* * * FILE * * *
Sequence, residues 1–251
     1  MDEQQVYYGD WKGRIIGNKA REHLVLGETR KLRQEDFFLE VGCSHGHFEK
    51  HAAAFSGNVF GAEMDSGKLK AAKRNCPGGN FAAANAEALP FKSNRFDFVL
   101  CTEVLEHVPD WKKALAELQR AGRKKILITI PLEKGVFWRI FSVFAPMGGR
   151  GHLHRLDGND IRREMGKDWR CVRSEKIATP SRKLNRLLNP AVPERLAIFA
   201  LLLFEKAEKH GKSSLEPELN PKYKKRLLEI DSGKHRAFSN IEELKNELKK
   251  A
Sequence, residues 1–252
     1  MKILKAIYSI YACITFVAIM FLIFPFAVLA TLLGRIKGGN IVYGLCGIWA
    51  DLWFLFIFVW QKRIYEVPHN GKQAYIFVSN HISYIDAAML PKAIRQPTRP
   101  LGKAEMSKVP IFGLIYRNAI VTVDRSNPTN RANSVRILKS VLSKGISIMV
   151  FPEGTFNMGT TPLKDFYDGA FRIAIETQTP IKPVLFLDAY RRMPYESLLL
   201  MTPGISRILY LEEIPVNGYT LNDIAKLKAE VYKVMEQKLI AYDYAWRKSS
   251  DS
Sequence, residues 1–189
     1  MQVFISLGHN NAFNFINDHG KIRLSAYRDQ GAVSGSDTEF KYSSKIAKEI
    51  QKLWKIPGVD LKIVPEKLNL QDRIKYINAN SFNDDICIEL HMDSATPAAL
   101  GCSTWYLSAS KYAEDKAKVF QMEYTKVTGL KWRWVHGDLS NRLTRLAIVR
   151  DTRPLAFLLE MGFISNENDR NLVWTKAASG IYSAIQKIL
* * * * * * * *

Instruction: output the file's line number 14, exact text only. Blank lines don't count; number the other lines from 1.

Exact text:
   251  DS